Pam Allan: And I found it interesting that he says he's missing the sex. He's missing that aspect. But doesn't think that she thinks there's anything missing. Which is odd to me because if she's so adamant about there's things we got to get right before we can have sex again, clearly she thinks there's something missing.

Corey Allan: Okay.

Pam Allan: So I would think it would be important for her to kind of come out and figure out what it is that she thinks is missing.

Corey Allan: That's a fair statement. The problem with it with as far as the show is concerned is we have no idea where she stands, but it is imperative, I think, what what you're picking up on. It's important that he asks that question of, "Hey, give me the state of things as you see it, baby. Let me give you the state of things as I see it. So we see how far off we are on the goals we're working towards."

Pam Allan: That's all I'm going after.

Corey Allan: Perfect.

Pam Allan: Is he's got to get that information and realize, I think his perspective is off.

Corey Allan: Okay.

Pam Allan: There's something missing for her for sure.

Corey Allan: Yeah. And this is the thing that we have a tendency to do as humans. When we have things that are going on in our relationships that aren't going the way we want, or we have things that are going on in our lives that aren't going the way we want, of our choosing or not, of our doing or not, we have a tendency to Disneyland it, when that's not the real story. It's the idea of we have a strong relationship, great communication, and a healthy connection in every other way. Do you? That's a better question of what do we really not? What are the topics that we can't bring up? What are the topics we don't talk about? And does that then equate to a healthy relationship? And that's a moving target, I realize that. It's like average or normal. There's a huge variance in that of what qualifies for that.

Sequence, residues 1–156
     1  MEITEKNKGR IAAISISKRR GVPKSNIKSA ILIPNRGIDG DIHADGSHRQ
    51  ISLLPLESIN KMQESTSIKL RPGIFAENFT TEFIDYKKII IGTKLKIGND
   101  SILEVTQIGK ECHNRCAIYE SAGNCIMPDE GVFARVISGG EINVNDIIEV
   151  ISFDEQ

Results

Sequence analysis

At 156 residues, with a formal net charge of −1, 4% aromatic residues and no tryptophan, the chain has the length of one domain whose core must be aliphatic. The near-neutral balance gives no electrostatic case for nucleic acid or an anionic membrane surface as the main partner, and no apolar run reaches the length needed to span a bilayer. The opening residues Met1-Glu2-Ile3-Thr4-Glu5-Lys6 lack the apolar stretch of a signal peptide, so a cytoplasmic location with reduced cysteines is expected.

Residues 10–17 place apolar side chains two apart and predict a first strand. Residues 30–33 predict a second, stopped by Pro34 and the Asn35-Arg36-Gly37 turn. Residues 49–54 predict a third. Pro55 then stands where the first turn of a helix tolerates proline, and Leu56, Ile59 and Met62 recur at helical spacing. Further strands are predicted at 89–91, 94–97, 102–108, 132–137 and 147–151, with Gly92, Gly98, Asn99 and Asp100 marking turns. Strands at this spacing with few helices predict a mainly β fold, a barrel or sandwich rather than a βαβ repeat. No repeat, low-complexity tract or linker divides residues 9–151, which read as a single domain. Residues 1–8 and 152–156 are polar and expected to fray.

Corey Allan: But I think it's important to be honest about, "Okay, I realize what's going on and I'm reaping what I've sown, but this is also an equation in our marriage that we need to make sure we see it the same way. So I at least know how you see it."

Pam Allan: Well, yeah. So back up. We don't need to necessarily make sure we see it the same way.

Corey Allan: Thank you.

Pam Allan: We need to make sure that we're diving into understanding how do I really see it? How do you really see it?

Corey Allan: Right. How far apart are we? What is the gap?

Pam Allan: Yeah.

Corey Allan: Really?

Pam Allan: Because there is a gap.